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Arthur Dollhouse Kit
Doll House woodworking plans.
Coping
Crown Molding

4/06
The built up trim consists of a "Sub Trim", which is shapped like a "T" and the crown molding which fits up to this.
The vertical piece is made up of poplar and a 1" strip of oak, held together with glue and biscuits. The top of the "T" is held in place with pocket screws only, so it can be adjusted in the field if need be. The "T" helps secure the trim to the ceiling and provides a good nailing surface for the crown. The back of the "T" will be cut off where it fits around the cabinet.

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Last year I built a few pieces for a local collector's showroom. He's now ready for me to complete the crown molding. The Crown will conceal some indirect lighting which will highlight his collecton, so the leading edge of the trim will be held 15" off the walls, except against the Ammo Cabinet pictured at left.
This shows the "T" secton mitered up against the cabinet.
The back of the "T" was removed so the sub trim fits tightly to the cabinet. I also did this to the right of the cabinet near the entrance.
This shows the trim where it terminates at the door, mitered to run into the wall on the right. The left side is butted to the subtrim on the cabinet. Here the next piece is "coped" to fit the face of this piece. More on that later.
This finishes of the cabinet, The coped piece has an outside miter joint abd that next piece buts into the subtrim again. Now I just need to go around the room, butting the left hand side of each piece of crown and coping it into the previous piece.
Another "coped joint. the other end has a but joint.
This pic shows the "T" shaped subtrim as it works it's way around the room. You can see how it's held off the walls, indirect lighting will be hung behind this trim.
This shows the crown butted to that sub trim in the previous picture. Part of the subtrim needs to be removed so the butt end can be fitted tight to the next piece. The next piece will be coped to fit against this piece.
It's really not that tough to cope the inside corners of the room. You only need to miter one side of the corner joint. When cutting, remember that the crown is upside down. Think of the bed of the saw as the ceiling, and the fence as the wall. The longest point of the miter will be against the wall.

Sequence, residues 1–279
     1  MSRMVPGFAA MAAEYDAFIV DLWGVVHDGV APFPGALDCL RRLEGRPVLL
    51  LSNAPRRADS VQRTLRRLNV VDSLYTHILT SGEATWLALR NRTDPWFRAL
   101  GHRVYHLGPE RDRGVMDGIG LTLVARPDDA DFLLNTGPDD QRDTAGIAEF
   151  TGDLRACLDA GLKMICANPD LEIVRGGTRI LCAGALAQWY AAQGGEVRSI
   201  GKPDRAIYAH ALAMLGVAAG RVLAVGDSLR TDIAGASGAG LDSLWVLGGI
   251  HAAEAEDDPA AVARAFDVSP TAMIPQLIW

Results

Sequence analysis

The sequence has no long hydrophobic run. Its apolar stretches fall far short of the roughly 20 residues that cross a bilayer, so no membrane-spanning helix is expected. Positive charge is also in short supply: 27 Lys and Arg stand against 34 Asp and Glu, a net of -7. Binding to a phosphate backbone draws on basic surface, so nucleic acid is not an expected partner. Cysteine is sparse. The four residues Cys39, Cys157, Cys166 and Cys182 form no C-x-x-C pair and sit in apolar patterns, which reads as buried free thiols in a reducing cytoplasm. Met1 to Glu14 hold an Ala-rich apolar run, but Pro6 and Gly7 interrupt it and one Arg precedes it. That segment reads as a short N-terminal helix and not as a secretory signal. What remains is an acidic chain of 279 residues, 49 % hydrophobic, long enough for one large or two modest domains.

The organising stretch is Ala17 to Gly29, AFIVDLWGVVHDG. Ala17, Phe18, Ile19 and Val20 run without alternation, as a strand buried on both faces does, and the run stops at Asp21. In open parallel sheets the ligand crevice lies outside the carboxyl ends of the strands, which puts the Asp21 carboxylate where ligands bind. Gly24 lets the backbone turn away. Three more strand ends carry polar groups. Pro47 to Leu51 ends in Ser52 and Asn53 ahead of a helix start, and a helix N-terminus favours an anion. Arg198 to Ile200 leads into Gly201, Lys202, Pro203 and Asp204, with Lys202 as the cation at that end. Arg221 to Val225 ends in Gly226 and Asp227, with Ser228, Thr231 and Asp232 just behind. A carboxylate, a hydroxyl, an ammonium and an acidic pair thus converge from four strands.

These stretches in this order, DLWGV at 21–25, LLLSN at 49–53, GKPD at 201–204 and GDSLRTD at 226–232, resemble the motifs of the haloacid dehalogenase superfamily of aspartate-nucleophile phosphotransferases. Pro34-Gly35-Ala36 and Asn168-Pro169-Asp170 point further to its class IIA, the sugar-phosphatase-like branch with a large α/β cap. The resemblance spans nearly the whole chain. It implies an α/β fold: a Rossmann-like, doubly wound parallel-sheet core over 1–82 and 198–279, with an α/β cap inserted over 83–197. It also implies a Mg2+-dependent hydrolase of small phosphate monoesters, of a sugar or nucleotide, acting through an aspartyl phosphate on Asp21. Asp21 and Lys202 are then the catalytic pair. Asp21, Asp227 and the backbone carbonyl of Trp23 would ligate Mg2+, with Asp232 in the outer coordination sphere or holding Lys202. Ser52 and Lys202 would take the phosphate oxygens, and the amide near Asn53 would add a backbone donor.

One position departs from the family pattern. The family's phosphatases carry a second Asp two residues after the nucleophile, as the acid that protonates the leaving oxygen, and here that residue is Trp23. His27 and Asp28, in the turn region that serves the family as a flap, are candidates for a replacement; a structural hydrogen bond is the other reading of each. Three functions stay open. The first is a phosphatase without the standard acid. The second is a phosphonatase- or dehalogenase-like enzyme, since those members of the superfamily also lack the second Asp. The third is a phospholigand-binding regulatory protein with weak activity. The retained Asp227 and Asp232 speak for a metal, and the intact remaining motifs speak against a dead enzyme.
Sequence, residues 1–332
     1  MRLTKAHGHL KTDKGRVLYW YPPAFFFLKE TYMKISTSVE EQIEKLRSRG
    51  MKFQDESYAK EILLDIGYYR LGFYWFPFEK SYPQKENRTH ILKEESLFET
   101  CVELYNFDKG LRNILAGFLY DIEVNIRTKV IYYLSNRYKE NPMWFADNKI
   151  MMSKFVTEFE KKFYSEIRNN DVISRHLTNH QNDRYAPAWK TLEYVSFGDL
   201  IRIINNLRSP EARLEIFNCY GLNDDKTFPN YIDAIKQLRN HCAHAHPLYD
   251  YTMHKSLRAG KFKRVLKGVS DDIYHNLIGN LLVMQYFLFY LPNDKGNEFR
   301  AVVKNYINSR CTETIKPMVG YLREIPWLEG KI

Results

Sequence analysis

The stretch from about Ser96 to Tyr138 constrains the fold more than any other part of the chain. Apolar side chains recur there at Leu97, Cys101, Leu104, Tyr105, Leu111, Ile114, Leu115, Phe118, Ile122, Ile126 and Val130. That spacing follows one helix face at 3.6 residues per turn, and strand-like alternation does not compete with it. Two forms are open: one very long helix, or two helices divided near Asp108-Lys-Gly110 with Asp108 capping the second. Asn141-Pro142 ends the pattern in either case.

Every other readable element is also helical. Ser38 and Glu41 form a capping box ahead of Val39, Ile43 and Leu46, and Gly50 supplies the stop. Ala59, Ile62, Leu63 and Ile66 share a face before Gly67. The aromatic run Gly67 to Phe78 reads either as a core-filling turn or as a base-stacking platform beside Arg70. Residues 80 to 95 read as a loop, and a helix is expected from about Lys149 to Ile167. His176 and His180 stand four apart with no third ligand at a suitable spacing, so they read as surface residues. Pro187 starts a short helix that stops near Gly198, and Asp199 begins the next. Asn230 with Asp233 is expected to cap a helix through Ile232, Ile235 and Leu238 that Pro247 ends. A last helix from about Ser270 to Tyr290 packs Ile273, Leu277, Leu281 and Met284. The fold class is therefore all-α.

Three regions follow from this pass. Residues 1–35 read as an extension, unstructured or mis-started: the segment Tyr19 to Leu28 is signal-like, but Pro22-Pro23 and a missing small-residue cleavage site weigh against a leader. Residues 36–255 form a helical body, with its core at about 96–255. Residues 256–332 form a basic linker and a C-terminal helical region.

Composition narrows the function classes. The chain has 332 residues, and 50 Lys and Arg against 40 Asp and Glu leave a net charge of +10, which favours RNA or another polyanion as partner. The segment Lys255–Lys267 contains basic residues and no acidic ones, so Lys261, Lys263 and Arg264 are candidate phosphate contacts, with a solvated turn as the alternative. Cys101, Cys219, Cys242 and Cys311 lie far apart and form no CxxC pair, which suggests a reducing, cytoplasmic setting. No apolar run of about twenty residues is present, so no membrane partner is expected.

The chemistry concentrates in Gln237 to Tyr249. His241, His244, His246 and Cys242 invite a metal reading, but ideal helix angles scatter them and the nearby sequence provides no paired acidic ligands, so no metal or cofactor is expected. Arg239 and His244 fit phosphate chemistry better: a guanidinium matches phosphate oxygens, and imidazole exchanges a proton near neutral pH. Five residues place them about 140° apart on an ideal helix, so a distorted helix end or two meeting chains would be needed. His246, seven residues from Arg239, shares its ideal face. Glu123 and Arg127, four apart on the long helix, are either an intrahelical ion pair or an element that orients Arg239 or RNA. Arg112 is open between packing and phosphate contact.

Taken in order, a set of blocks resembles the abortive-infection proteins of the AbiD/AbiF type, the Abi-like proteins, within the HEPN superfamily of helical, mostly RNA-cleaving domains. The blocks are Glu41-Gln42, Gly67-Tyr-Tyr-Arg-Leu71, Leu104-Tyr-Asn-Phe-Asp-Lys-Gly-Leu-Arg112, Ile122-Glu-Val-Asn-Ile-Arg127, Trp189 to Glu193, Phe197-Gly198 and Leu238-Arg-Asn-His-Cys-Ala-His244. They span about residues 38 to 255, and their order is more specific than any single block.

Notice the block clamped to the bed, this keeps the trim at the proper angle. It should be tight to the bed and fence of the saw.  Also be sure to clamp the trim to the fence while cutting, and mind were you put your fingers, you'll need them later.

I like to highlight the edge to cut with a pencil. I'm going to cut along this line, at a very steep angle, to remove alot of stock from behind the joint. 
It's impossible to start at one side cut uninterupted to the other side. You can see in this pic that I made my way into the large cove, bypassing the sharp edge. I'll get to that later.

Coping Saw and BladesCoping Saw and Blades
For precise cutting of intricate or irregular shapes with precise control...

Coping Saw and Blades


EasyCoper for Crown MoldingEasyCoper for Crown Molding
Take the guesswork out of coping crown molding to create perfect inside corners! Allows you to quickly and easily cope crown molding with a power jig saw instead of a coping saw, reducing wrist, ha..

EasyCoper for Crown Molding


This pic shows the angle of the coping saw. I can tell you now I didn't cut steep enough! 
The pic at left shows good sized chunk cut out.. Now to tackle the more difficult angles. Take your time and you'll do fine. Remember you can always remove more stock, but you can't put it back, so err on the side of caution. 
Here you can see the joint is not quite right. Look at the next pic to the right, and you can see why. No problem, that can be removed with the coping saw, sandpaper, or dremmel tool. I perfer the dremmel tool!


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Yeah it's not pretty, but it removes alot of stock very quickly. Just be careful not to nick the finished edge.
Thats better, just a little tweaking and it will be good enough.
Well, what do you think?!? You can see the how the coped pies fits into the other piece. Now comes the tricky part, make it look that good on the wall!

 
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